Houston Texans: DeAndre Hopkins and the Patrick Ewing Theory

Former Houston Texans/current Arizona Cardinals wide receiver DeAndre Hopkins (Photo by Christian Petersen/Getty Images)
Former Houston Texans/current Arizona Cardinals wide receiver DeAndre Hopkins (Photo by Christian Petersen/Getty Images) /

The Houston Texans are going to begin life without DeAndre Hopkins but his absence does come full circle with the Patrick Ewing Theory. What is it? Look.

With the season getting closer to start, the excitement and curiosity of what the new-look Houston Texans‘ offense can be as gotten fans geared up. While the naysayers will think failure after the trade for DeAndre Hopkins is to be expected, there could be a theory that might play well to the Houston Texans’ edge.

A few entries ago, I wrote about the five questions that we as Houston Texans’ fans would like nothing more than to have answered. The first three of them involved our offense. To summarize the questions, Deshaun Watson is working with a new injury-plagued running back and an injury-plagued wide receiving core that is extremely talented when healthy. Oh, and one of those receivers will not be DeAndre Hopkins for this year.

Yeah, yeah, yeah, we’re used to hearing people say what a terrible trade this was and how dumb we are. It only adds to the dumpster our head coach has created in Houston right now. Trust me, I’ve been one of those folks. Yet, the time has gone by and I’ve gotten a different perspective to where this trade made sense to a degree, but the return wasn’t as ideal.

Recently, but quietly, the Houston Texans’ trade has started to make more sense. Pro Football Talk wrote down an article that Hopkins wasn’t holding out of Arizona’s training camp, but there might be a situation that could be a problem. In other words, they were questioning whether Hopkins was using an injury or some tactic to get a new deal. This has been denied by Hopkins as expected, yet it can only make fans wonder if Hopkins might be about to experience a different situation that might not be comfortable.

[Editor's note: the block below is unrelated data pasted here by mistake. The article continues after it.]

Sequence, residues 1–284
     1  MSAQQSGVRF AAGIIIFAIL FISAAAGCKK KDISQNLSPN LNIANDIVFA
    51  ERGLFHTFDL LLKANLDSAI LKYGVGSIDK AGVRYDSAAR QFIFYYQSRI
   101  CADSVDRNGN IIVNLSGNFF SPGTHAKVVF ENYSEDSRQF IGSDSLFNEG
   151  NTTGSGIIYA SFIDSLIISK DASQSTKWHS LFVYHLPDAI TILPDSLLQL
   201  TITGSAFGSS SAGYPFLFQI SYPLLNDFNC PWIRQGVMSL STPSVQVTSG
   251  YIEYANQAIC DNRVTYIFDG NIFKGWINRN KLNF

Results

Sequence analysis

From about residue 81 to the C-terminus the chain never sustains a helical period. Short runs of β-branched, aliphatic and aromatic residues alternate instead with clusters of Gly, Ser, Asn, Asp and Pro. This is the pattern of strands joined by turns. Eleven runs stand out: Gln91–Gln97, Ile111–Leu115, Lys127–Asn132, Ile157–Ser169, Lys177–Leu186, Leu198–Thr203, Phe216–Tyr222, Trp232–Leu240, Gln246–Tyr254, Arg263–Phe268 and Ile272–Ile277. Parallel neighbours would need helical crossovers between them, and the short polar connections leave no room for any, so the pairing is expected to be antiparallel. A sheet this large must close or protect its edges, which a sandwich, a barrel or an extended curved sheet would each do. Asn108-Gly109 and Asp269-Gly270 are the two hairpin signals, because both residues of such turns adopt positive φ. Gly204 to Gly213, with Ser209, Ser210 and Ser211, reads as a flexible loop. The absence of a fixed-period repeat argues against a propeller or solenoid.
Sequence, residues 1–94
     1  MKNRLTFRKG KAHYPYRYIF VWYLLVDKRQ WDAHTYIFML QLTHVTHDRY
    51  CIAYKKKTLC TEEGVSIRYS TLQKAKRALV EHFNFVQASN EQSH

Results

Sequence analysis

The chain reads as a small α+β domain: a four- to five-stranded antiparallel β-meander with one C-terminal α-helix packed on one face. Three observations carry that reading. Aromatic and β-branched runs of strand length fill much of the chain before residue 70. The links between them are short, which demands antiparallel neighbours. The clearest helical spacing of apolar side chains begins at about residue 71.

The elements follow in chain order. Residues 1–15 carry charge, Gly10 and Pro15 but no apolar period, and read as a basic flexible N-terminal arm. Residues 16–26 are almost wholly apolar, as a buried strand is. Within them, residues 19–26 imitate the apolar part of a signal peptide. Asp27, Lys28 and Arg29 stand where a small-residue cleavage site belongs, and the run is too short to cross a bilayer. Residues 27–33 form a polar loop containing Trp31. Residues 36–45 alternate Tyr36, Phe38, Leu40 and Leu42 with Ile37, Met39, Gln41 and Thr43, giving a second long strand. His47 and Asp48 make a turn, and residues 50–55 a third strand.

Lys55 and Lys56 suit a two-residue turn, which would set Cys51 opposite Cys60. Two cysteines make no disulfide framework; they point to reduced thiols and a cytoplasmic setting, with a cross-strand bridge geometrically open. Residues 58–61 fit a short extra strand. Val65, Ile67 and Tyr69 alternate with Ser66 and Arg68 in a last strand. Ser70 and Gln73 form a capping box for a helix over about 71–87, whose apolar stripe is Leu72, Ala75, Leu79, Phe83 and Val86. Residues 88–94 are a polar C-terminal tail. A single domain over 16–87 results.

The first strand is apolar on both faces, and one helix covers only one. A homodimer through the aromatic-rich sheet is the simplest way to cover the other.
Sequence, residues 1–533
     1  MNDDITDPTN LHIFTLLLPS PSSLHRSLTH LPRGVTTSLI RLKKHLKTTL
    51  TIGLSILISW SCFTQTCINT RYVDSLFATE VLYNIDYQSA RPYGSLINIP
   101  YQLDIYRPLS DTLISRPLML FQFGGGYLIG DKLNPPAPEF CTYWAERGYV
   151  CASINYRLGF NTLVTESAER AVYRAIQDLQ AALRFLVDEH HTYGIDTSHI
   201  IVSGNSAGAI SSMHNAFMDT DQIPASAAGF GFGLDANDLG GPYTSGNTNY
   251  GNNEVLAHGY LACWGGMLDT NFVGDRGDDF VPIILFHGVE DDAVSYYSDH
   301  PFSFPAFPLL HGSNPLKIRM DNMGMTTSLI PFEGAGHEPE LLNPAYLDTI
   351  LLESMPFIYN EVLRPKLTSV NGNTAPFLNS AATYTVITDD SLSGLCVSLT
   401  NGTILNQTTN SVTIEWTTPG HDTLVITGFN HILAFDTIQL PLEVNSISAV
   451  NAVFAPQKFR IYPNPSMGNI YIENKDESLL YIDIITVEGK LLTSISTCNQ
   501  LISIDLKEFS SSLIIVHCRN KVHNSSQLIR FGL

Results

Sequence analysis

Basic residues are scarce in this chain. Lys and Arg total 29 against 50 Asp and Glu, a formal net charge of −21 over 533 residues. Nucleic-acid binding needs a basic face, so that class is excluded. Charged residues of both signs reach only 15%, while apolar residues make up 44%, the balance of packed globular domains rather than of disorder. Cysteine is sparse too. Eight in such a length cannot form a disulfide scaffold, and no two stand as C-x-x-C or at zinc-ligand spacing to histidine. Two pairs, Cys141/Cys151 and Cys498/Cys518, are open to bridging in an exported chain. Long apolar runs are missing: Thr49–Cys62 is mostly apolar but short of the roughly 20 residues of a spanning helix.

A while back, I said the only historical trade in comparison to the Hopkins deal that could help the Houston Texans was the infamous Herschel Walker trade. That trade saw the Vikings give up five players, with each being tagged as having a draft pick attached to go with more draft picks in the near future. That trade led to a dynasty in Dallas. It was a move that got criticized because the Cowboys were already a bad team and Minnesota struck a jackpot. Instead, the value they got was taken away by taxes while Dallas struck it rich.

In the case of the Houston Texans, they’re already a playoff team and yet, they make this trade and get little in return. The trade has been mocked and criticized as expected. Yet, if we think logically and for once, put all emotions aside, it makes sense. Yes, the Texans have players that had suffered the injury bug, but when healthy, this is a team that could be devastating.

Which brings me to what I have in mind. The Texans were good with Hopkins, but without him, they could be better. It sounds crazy saying this since there are people who still call the team crazy for making the trade. Yet, if this works out for the Texans, it would be claimed as a big win for the team. As much as I love DeAndre Hopkins and what he brought to our team, he might be the latest example of the so-called Patrick Ewing theory.

What is the Patrick Ewing Theory?